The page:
This morning Kimberly and I went to our precinct Democratic caucus, an exercise in the franchise that makes me worried for our nation, and laughing louder at the idea that we could perhaps get the Iraqis to use a similar system.
My imagined picture of “caucus” from years of Iowa reportage was a few quiet folks gathered around a living room. The Washington 36th District Democrats, for some reason, decided it would work better to gather 10 precincts together into the cafeteria of the local elementary school, even though all decisions needed to be made at the precinct level, an arrangement that only re-inforced the confusion and disorganization of our local party faithful. Never has the joke about “I belong to no organized party, I’m a Democrat” made more visceral sense to me.
A PhD in acoustics awaits the person who can explain just how that cafeteria simultaneously absorbs some sounds of speech AND echoes others at the same time. Into this space put 10 precincts, each with about 60 people, a handful of party operatives with regrettably quiet voices, and a ridiculous failure of preliminary preparation, and chaos ensues.
It doesn’t seem too hard to fulfill the requirements to a)have everyone state a preference for a candidate, b)accurately count those statements, c)inform those supporting candidates with less that 15% of the precinct’s votes that they have to make a new choice, d)get that new choice recorded e)recount and assign delegates, and go home. And, since the party has a rule that says everyone has to sign in, and express a preference on the sign-in sheet, all the counting and recounting should have been easy. In an organized party the whole thing could have happened in 15 minutes, but it took over an hour.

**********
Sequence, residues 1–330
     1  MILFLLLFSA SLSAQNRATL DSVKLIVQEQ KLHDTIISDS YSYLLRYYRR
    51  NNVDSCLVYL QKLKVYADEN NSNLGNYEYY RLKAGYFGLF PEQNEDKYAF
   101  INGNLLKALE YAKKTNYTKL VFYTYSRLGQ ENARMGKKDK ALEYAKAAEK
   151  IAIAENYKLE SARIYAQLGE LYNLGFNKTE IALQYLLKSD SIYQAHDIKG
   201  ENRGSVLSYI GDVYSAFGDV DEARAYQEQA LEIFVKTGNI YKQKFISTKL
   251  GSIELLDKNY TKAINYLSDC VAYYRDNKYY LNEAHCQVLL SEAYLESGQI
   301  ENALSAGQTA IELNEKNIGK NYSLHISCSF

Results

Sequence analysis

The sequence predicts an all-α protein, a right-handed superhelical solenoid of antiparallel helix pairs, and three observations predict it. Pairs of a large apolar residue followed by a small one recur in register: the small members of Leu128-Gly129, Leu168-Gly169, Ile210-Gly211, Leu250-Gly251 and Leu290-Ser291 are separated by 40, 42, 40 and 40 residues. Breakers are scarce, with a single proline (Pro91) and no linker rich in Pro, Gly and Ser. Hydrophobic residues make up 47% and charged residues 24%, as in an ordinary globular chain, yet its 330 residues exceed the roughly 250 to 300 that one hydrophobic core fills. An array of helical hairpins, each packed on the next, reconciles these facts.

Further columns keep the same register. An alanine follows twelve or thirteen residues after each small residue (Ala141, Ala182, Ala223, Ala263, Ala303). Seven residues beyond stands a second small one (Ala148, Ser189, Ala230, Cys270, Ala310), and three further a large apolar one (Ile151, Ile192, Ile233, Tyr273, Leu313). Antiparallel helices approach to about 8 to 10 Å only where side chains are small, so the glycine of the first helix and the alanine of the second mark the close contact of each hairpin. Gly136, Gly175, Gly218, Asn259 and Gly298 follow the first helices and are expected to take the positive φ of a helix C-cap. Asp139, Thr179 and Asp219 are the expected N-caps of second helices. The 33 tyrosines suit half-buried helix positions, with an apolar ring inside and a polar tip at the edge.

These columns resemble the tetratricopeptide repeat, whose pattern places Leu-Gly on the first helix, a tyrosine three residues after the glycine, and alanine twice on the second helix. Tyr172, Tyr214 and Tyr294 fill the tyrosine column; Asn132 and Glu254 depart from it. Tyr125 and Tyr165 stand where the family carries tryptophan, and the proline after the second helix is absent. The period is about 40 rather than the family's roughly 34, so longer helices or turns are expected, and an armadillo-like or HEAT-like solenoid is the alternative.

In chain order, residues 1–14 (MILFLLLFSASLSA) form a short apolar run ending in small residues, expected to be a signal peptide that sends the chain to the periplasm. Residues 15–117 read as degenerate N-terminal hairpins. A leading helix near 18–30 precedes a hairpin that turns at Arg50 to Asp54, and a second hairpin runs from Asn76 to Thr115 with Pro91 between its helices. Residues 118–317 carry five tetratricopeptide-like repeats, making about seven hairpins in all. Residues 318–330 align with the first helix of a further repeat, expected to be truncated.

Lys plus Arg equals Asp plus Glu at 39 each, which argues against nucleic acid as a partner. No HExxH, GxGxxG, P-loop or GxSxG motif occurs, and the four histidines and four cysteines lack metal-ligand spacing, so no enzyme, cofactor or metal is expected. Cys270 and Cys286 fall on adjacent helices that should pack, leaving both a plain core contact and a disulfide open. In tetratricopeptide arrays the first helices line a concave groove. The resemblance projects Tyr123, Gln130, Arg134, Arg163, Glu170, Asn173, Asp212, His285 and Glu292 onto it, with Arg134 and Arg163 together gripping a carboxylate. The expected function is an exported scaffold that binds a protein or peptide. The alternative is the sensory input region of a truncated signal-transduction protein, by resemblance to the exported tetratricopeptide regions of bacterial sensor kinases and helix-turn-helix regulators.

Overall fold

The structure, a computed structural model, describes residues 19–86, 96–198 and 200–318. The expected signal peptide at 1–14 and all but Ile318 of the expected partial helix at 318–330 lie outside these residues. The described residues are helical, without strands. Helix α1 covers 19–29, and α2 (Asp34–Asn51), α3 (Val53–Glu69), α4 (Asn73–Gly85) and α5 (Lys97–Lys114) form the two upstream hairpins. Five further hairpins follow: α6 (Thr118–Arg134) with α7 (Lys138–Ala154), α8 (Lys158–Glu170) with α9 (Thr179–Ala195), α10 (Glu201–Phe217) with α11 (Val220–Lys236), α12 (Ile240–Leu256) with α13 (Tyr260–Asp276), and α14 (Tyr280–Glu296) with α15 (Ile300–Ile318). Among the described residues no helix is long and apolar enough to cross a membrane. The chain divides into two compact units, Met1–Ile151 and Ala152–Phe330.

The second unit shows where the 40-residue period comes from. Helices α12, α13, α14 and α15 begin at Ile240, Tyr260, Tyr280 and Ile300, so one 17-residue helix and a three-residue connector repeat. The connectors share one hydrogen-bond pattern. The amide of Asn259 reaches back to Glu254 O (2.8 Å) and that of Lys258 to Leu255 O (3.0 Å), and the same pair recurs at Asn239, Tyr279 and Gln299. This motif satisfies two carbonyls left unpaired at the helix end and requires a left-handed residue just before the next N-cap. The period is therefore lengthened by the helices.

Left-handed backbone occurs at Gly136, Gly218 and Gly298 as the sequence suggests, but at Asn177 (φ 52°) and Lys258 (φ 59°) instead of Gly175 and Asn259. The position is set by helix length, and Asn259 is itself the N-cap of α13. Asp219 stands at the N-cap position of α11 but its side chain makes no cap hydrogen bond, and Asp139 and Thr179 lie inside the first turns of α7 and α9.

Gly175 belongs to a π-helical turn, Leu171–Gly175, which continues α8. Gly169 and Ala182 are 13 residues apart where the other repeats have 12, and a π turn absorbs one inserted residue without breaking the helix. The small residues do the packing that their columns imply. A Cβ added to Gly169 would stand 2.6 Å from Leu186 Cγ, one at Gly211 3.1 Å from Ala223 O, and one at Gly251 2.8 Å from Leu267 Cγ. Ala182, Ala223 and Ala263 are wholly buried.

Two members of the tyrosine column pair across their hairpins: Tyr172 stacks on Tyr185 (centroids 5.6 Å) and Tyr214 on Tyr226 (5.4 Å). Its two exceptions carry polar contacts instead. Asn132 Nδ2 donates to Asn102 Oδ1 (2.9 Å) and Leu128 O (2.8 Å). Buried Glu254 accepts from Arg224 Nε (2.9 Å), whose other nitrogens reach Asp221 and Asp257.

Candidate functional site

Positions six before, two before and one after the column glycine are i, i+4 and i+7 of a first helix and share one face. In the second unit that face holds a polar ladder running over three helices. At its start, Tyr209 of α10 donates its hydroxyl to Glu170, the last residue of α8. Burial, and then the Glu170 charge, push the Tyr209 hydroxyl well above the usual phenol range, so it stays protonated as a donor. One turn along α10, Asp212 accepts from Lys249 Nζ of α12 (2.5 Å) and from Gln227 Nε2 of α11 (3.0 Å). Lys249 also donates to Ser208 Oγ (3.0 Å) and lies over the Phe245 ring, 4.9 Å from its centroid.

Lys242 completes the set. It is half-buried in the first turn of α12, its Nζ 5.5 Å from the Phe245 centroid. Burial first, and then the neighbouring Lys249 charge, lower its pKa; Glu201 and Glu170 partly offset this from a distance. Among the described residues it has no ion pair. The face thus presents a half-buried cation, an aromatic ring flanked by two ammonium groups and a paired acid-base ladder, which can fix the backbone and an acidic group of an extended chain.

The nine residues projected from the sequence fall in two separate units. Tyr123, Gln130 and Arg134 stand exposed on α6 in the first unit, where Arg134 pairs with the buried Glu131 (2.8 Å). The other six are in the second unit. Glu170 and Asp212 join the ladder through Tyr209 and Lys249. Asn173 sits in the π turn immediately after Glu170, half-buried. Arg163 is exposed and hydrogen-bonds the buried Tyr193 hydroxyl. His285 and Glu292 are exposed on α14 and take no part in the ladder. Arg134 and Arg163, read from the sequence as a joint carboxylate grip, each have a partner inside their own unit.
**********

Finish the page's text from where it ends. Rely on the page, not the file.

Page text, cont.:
Our precinct captain had a peculiar desire to move everyone to sit together by candidate, which led to much shuffling around and confusion. No one could hear what the instructions were, and we were sitting at lunch tables sized for 3rd-graders, in a vaguely defined corner of the cafeteria with no obvious border as to who was in or out of our precinct. And he seemed wedded to the idea of counting people once they’d sorted themselves, which was also silly, since people kept moving around, not realizing he was counting, since he was speaking at the volume of a librarian.
Much delay ensued when those voting “uncommitted” and “Kucinich” had to decide whether to go to Dean or Kerry, the two candidates with enough votes to get delegates from our precinct. Finally, they split about evenly, and our precinct went 31 for Kerry, 29 for Dean. I watched the count after the precinct Dean lead, the precinct Kerry lead, and I finally convinced the party captain that he should be working from the sheets in front of him, and give up on the silly head-counting. 3 Kerry delegates and 2 Dean delegates go from our precinct to the county level meeting. (I feel so empowered.)
All this mess from a group of affluent, literate, numerate, well-meaning people who’ve actually grown up in a democracy and are familiar with voting and electing representatives. I was embarassed. Especially since the caucus procedures have been all over the news media lately. Plus, the party has only been planning on this caucus for MONTHS, and have known there would be record-breaking attendance for just as long. Kimberly and I and our two next-door neighbors designed a more efficient organization in five minutes, while watching the hapless precinct captain try to count Kerry supporters.
So, I realize that the local party folks are all volunteers, and none of us kibbitzers have actually taken any time out of our lives to work to make this better. But come on! It isn’t rocket science. Do we have to do EVERYTHING? If this is a valid example of our grass-roots ability, I can understand why the Republicans are winning everywhere. Sigh.
Oh, well. At least I got my neighbor off the fence on the Dean side, with the argument that Kerry is obviously going to get the nomination, but if Dean doesn’t do well at least once, politicians for a decade will be even more afraid of straight-talking, and pollsters and handlers will be able to frighten their candidates with “Look what happened to Dean” any time someone show signs of having a backbone.
We now return you to your regular programming, already in progress…